He continued, "No doubt we should speak confidentially." I understood that Maubec and I were too many. I hastened to leave with my colleague, and I was happy to do so, because scenes of violence are not good for my nerves, they spoil my appetite, and trouble my sleep. And one one only had to see the bearing of the colonel to figure out that she wasn't going to trade pleasantries with the mystery vagabond.
I wanted to go downstairs to the office, but Maubec pretended that they were going to need us. So we stayed in the antechamber next to the dining room. We could barely hear anything through the door but outbursts of argument in the voice of the colonel, which went on for some time. Then a calm fell, followed by the sound of sobbing. My heart was so upset that I nearly burst into tears.
Abruptly the door opened. Carmencita appeared, a Carmencita unrecognizable: dishevelled, eyes swollen with tears, despondent, pitiful. She cried, "Come! I must make my confession to you. I am a great culprit."
We entered the room. She was like a madwoman. She beat her breast. She threw herself at the feet of Agénor and begged his pardon. Then, suddenly, she seized a burnt log from the fireplace and ran it through her hair, saying, "I will cover my head in cinders, as we do in my country, as a sign of penitence." This was so bizarre that, despite my feelings, I found it hard not to laugh. But the desire to laugh ended when I saw Agénor. He was overwhelmed, the poor dear man. He squeezed the hands of his wife, and said, "Be calm. You are not guilty of anything more than a little exageration. That's not a crime. You'll return to out home in Piton-le-Causse. I'll hand in my notice and rejoin you soon." She cried, "Thank you! I misjudged you, generous man!"
And she dissolved into tears. I had not expected to do the same. But I had better explain to you the motive behind all that scene. The letter delivered by Maubec was simply the notification of a new rule forbidding women of foreign birth from living in areas where war work was going on. In consequence, Carmencita would have to leave the Ralep. Instead of bowing, she went into a rage. She insulted the man who had brought the note. He, in turn, became angry.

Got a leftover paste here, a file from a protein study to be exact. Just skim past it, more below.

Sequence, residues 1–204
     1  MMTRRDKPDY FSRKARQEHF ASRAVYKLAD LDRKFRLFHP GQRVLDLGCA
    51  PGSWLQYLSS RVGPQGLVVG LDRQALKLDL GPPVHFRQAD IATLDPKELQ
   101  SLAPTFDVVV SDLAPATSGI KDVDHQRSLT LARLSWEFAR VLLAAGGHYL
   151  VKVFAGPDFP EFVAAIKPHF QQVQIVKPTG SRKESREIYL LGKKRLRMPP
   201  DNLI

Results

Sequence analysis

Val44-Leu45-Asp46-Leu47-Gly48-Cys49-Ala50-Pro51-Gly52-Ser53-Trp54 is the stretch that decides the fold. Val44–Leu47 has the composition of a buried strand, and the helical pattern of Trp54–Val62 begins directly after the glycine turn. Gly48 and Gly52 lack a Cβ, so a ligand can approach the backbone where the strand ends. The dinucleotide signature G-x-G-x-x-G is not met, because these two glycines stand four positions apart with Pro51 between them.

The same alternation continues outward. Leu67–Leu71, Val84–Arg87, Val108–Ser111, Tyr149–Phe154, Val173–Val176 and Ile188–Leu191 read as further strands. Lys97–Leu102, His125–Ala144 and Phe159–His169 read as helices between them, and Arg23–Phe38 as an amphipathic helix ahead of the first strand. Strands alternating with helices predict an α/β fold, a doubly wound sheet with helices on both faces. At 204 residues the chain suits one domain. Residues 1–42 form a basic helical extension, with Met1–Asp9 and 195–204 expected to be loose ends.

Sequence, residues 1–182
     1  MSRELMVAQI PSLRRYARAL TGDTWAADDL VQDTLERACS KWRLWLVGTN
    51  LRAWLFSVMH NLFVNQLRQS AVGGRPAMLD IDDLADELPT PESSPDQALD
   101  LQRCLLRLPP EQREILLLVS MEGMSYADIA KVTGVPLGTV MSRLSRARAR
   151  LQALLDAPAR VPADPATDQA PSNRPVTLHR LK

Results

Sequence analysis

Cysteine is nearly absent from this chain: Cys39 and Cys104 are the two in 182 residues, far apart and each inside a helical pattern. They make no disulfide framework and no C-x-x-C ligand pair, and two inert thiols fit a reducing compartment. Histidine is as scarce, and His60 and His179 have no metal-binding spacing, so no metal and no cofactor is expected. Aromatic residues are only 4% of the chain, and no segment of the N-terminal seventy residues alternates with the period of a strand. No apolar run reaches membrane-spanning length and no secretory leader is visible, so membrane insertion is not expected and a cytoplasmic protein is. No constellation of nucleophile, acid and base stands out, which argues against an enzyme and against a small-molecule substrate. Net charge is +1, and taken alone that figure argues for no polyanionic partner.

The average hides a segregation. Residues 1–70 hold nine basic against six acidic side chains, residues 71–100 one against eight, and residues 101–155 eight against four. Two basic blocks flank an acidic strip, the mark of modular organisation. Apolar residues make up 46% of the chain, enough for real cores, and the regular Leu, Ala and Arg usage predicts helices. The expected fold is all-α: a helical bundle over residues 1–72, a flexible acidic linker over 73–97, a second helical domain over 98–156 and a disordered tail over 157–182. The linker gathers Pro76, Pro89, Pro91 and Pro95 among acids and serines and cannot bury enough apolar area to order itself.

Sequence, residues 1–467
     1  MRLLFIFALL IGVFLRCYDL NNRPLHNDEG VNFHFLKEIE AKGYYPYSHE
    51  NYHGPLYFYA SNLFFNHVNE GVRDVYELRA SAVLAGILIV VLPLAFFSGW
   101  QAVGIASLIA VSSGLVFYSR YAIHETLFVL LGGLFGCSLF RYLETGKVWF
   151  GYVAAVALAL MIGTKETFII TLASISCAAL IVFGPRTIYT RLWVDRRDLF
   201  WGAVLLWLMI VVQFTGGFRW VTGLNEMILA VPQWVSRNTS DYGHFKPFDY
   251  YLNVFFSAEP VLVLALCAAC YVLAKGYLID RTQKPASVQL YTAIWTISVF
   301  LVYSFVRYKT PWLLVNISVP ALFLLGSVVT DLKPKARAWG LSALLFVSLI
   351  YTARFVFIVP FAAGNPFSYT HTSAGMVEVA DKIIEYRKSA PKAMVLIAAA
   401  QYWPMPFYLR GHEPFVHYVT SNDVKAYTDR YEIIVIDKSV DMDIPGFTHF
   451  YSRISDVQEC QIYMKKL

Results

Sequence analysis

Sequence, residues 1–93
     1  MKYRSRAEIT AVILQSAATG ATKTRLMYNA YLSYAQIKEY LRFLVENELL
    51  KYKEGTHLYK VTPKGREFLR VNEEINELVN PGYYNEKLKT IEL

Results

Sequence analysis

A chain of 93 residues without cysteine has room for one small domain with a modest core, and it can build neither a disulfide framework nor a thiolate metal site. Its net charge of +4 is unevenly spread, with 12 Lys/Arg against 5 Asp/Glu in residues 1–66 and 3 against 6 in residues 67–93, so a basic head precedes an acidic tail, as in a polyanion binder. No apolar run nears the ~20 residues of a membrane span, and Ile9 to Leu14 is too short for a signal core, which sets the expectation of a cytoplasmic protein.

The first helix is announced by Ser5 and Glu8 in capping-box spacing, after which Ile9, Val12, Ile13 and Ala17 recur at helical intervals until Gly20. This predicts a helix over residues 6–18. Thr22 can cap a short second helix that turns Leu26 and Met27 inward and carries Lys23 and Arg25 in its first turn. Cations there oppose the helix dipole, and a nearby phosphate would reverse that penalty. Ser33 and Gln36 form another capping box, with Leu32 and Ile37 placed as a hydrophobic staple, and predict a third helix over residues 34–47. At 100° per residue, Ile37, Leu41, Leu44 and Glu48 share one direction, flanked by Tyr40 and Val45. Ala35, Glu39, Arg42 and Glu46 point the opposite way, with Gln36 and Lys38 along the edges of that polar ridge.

He being, as I later found out, an agent of the secret police concerned with inquiries about foreigners, he knew the whole story of our chiefess and her first husband, and he recounted it. It seems that the famous colonel was a colonel of the light cavalry for all of two hours, appointed by the leaders of a revolution that had broken out in Patagonia. After two hours another revolution triumphed and Gonzalès returned to what he had been before: a waiter in a restaurant. It was this revelation that put his widow to shame.
To finish off her story, because I well believe I won't get another chance to talk to you about it, a letter from her maid informed me that, once back in Piton-le-Causse, she lived there in tears and repentance. Surely, that's no wicked woman. The maid added that Carmencita continued to heap cinders on her head, constantly obliging her to sweep up the floor behind her. That is an exageration which, as a domestic, from the point of view of propriety and household management, I cannot approve.